Monday, April 30, 2012

The Beauty of a Second

-By JJ Palencar


A few months ago, the company Mont Blanc, makers of fine writing instruments and timepieces held a competition titled “The Beauty of a Second”. The challenge was to create a film lasting only one second. Mont Blanc created this competition to celebrate the 190th anniversary of the chronograph. The resultant one second clips (films) are truly inspiring. Strung together they make for a wistful experience.

As artists and illustrators our goal is to distill an image, to freeze it, to create a feeling and ultimately make our own one second image in paint. More often we tend to over study the image but if we retain the initial impression, the fragment that captured our attention, then we will have the raw essence and foundation to create a memorable work. Each of these clips could easily become an illustration or a painting. Are not our lives a series of images, fragments and sense impressions, strung together to form a life?

The competition is now closed. I could find four compilation groups on YouTube and I think there were two winners.

Below are the four compilations, the awards ceremony as well as a few other videos that I could find.

The music is by Marcus Lober, from the album “The Beauty of a Second “ soundtrack, created especially for the competition.

From Mont Blanc: 190 years ago, Nicolas Rieussec recorded time to an accuracy of a fifth second for the first time - the chronograph was born. To celebrate this unique invention, Montblanc created the one-of-a-kind "The Beauty of a Second" short-film contest presented by the famous film director Wim Wenders.

One Second Website

1st round compilation - From YouTube
2nd round compilation - From YouTube
3rd round compilation - From YouTube
4th round compilation - From YouTube
Winning Clips - From YouTube

Friday, April 27, 2012

Microvisions 7 ... NOW LIVE

Check out the auction HERE.

Twin Peaks

by Eric Fortune

 For any fans of Twin Peaks, you may be interested in the 20th Anniversary group show at Copro Gallery. Here are a few pieces from the show. There's even a mono print by David Lynch.

                                                                      Dan Quintana 

                                                                     Martin Wittfooth 

                                                                      Chris Buzelli 

                                                                      David Lynch

Thursday, April 26, 2012

Visit to the Metropolitan

-Donato


Once every couple of months I love to take a Friday afternoon and evening off from the studio and stroll through the Metropolitan Museum of Art and see some old 'friends', and discover some new ones.

It is always a wonderful visit, with a quartet playing in the main lobby entry hall, and most of the crowds off to dinner.  For not everyone realizes that the Met is open until 9pm on Friday and Saturday.  It is an excellent time to have the art to yourself and a few other die hard 'cognoscente'.

Enjoy the tour!

Caravaggio


The Room of Rembrandts

Edwin Austin Abbey

John White Alexander

A new Sargent in the American Wing!  A brilliant piece...can you spot the two deer in the dappled light?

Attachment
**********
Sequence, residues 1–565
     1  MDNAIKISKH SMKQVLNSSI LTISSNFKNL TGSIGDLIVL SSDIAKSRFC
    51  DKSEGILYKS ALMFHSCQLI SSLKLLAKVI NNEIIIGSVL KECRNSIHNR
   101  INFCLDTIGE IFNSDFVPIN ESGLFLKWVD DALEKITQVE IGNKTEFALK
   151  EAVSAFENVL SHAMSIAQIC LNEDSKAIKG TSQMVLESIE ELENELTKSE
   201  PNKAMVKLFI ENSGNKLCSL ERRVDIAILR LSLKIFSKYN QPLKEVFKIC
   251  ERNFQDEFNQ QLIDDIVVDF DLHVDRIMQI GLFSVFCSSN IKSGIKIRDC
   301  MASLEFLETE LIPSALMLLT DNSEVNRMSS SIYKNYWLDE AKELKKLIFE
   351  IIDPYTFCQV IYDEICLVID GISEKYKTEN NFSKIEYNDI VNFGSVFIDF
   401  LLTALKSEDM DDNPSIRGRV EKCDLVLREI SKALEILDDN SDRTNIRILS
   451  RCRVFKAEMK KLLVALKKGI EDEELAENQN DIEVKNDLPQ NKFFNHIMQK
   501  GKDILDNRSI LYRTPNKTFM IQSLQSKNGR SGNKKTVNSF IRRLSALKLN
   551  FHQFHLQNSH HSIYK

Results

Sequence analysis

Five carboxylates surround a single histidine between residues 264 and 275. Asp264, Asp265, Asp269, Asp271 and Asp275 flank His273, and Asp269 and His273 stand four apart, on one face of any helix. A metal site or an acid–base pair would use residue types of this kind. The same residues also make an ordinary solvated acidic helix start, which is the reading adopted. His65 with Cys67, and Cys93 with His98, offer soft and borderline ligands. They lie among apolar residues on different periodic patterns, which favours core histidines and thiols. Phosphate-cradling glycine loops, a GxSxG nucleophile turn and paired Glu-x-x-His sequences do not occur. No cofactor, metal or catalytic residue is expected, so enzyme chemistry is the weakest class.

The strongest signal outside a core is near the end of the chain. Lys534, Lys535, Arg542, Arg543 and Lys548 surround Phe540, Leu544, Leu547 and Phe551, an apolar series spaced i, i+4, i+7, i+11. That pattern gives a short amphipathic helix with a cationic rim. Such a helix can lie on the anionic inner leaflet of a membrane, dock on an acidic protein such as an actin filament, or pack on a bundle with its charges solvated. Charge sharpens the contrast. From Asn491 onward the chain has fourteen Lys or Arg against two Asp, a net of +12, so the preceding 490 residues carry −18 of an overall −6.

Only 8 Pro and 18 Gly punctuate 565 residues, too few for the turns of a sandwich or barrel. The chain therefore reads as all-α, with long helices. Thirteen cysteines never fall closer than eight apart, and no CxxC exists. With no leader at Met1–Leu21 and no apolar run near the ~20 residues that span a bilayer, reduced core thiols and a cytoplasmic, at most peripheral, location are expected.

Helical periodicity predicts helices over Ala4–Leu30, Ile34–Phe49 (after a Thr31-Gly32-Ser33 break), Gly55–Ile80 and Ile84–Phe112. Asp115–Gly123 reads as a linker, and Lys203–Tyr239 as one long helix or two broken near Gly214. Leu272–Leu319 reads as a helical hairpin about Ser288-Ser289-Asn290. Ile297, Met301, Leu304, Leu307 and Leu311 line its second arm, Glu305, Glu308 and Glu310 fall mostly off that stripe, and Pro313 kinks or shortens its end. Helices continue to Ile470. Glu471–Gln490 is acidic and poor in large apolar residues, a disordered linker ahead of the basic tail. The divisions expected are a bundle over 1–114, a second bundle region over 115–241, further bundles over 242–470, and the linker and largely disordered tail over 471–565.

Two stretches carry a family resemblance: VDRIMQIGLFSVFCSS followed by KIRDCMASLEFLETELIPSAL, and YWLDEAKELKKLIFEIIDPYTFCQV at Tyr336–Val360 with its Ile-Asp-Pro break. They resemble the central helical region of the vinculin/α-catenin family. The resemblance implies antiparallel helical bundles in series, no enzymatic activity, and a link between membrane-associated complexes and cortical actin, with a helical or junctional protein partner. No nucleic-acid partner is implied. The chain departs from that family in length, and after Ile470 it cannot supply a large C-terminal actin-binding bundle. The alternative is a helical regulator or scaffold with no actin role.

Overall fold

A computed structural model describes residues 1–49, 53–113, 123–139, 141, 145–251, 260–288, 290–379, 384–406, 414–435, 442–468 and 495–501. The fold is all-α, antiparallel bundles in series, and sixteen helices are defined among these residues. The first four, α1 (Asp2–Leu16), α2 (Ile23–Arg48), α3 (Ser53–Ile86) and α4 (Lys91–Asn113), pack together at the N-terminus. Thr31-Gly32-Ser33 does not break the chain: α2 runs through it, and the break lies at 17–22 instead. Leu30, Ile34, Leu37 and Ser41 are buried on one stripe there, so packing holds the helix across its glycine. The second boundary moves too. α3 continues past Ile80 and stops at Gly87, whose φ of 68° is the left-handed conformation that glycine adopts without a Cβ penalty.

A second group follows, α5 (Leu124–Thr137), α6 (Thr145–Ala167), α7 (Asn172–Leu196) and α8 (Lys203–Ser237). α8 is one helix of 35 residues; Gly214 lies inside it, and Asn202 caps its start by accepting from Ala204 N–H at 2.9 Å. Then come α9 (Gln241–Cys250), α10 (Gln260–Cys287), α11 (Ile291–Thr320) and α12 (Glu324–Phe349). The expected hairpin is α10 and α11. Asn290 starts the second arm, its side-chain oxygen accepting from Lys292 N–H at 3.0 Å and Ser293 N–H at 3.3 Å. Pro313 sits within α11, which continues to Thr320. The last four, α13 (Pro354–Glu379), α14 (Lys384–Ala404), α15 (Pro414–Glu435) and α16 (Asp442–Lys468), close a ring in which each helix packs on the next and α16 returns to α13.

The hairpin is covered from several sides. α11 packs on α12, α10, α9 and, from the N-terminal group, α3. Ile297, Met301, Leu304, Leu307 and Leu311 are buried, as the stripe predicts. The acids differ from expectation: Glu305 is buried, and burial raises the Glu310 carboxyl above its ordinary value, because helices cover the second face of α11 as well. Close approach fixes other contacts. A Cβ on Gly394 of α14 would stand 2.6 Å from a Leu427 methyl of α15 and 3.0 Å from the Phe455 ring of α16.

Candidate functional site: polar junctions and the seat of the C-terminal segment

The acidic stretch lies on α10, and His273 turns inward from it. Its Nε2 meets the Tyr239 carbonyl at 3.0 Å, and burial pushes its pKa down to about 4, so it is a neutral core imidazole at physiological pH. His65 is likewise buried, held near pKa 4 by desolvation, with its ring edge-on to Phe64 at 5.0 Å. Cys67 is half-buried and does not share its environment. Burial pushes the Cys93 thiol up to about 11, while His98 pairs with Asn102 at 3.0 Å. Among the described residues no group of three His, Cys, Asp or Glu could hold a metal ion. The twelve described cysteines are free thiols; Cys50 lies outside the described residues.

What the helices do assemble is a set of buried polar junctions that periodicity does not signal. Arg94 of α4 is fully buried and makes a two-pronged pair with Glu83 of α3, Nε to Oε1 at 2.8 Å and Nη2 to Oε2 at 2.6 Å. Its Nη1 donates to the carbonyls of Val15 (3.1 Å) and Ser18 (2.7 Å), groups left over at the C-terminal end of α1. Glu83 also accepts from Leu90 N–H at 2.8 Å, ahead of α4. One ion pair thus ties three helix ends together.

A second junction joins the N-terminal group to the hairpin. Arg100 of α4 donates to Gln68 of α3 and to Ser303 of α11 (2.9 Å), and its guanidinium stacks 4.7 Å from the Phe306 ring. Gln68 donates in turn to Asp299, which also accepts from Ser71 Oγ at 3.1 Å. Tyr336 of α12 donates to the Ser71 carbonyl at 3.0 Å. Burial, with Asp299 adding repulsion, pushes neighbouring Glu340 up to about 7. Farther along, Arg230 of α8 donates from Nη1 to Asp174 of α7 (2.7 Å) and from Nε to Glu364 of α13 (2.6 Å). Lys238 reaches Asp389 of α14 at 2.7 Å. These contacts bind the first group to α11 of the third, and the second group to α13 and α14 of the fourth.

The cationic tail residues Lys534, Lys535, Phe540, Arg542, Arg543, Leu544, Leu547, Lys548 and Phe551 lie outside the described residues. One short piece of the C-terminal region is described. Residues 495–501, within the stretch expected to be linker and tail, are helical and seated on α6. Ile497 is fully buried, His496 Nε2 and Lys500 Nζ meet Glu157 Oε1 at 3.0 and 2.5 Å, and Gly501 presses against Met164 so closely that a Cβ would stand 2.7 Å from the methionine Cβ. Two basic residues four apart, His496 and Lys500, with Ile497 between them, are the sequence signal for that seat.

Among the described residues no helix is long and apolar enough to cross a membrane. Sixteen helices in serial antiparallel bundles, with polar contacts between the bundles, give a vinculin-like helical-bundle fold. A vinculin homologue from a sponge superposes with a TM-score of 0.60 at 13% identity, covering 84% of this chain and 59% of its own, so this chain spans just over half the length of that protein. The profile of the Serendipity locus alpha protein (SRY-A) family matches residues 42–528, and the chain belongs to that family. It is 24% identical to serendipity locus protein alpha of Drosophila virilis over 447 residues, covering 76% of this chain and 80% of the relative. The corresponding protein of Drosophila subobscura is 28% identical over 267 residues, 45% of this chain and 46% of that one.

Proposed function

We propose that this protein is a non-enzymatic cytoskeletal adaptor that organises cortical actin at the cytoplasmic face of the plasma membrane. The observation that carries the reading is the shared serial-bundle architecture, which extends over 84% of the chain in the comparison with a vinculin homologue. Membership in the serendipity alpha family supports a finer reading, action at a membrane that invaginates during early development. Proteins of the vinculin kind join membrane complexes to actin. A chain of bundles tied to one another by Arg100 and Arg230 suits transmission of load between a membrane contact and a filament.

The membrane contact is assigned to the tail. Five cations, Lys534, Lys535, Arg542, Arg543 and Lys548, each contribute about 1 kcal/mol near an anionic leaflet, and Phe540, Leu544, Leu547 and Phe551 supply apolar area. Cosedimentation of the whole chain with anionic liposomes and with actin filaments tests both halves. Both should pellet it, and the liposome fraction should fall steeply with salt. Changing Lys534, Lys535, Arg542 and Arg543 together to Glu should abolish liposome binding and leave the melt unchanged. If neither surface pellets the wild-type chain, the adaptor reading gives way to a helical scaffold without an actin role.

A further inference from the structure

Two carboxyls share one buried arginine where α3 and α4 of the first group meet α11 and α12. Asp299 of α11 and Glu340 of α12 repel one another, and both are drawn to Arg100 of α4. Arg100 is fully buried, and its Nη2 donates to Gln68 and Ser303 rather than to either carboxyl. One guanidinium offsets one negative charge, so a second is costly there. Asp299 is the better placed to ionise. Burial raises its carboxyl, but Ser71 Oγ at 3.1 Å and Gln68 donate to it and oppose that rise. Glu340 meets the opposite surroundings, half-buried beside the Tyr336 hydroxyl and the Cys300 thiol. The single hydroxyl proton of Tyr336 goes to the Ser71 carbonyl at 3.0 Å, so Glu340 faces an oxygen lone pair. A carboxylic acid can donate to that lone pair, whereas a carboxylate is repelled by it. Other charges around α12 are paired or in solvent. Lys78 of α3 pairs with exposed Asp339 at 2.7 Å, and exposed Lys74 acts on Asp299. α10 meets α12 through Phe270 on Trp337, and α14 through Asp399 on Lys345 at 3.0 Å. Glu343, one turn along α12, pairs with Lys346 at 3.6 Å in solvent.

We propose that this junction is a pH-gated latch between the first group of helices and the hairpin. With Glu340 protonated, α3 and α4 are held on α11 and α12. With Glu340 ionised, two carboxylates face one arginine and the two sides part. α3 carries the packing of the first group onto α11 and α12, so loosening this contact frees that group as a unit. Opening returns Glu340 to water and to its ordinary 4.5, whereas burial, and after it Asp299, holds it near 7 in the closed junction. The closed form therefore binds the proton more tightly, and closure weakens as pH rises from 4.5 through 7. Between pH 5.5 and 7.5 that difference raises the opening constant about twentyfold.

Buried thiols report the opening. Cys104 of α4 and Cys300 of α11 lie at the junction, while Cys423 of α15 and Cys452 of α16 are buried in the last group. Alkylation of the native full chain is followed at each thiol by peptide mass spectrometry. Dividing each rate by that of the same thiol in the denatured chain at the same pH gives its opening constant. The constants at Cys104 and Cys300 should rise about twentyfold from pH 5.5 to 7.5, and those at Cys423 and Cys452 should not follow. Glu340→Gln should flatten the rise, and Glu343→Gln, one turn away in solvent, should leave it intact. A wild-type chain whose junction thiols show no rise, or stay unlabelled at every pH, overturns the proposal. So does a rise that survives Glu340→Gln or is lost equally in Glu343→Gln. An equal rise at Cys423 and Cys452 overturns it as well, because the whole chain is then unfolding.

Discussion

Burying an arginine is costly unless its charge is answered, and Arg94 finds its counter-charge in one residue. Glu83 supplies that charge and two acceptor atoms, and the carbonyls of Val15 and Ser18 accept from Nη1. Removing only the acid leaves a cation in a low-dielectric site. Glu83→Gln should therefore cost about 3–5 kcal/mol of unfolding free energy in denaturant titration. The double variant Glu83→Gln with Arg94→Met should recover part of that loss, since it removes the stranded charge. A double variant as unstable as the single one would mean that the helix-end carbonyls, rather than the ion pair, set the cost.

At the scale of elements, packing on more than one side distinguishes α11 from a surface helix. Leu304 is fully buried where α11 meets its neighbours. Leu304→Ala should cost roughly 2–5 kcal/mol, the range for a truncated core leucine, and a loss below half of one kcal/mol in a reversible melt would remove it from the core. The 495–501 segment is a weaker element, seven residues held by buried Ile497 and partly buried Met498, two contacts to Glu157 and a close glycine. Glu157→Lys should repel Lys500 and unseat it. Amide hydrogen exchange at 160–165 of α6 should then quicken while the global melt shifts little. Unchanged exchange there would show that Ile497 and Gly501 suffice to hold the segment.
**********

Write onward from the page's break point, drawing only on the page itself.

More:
Here is a hidden secret.  On the second floor of the American Wing is one of the storage areas which is glassed in.  There is some amazing art to discover in these corridors!


One of these discoveries . H.O. Walker...who?  Stunning work none the less by a previously unknown artist to me.


One of the Met's Maxfield Parrishs.  You can see how they rate illustrators as I have never seen this image out on the main floors, but there is always space for plenty of deserted rooms filled with modern art.  Don't get me started!


I always have to nod hello to the knights in armor.


Lastly, this entryway to the American Wing says it all.
Many have passed before, and many more will do so in the future.  I am grateful to have the chance to live in this city with institutions that share the best of what artists have offered up to the world.

Wednesday, April 25, 2012

Guest

-Jesper Ejsing

It still feels like I just got back from the beautiful Stockholm. Even if it was already 2 days ago. I was teaching at a workshop there, called Northern Light. My great partners in crime of teaching were Petar Meseldzija and Justin Gerard. The reason why it feels like I am still kind of there, is because I brought one of the teacher back home with me.

These days I am enjoying the company of Justin at the studio. We are painting right in front of eachother and share thoughts, technic and criticism as well as bad jokes and stupid remarks…well I keep to the last and Justin handles the intelligent parts.

What is so great is that the both of us shows the other one what each of us thinks is so great about each other's technique. We are equally amazed at what the other one is doing.

I am trying to teach Justin to eat and drink like a Dane, and he strangely enough haven´t passed on anything I served him (even stuff no sane Dane considers real food).

It is a pleasure to have him staying and I wish he wasn´t going back when the week drags to an end.
More than ever, I regret that I am not attending the Spectrum Live.

Demo painting in Stockholm. Notice Justins ref of hairless monkeys. 

Tuesday, April 24, 2012

The Silmarillion: Glorfindel and the Balrog

By Justin Gerard

Microvisions 7

For those in the NYC area, the Microvisions 7 exhibit is currently hanging at the Society of Illustrators. In just a few days, the auction for these miniature works will go live. All profits from the auction will go to scholarships for deserving art students across the country. Thus far, the Microvisions auction has raised over $35,000 these students.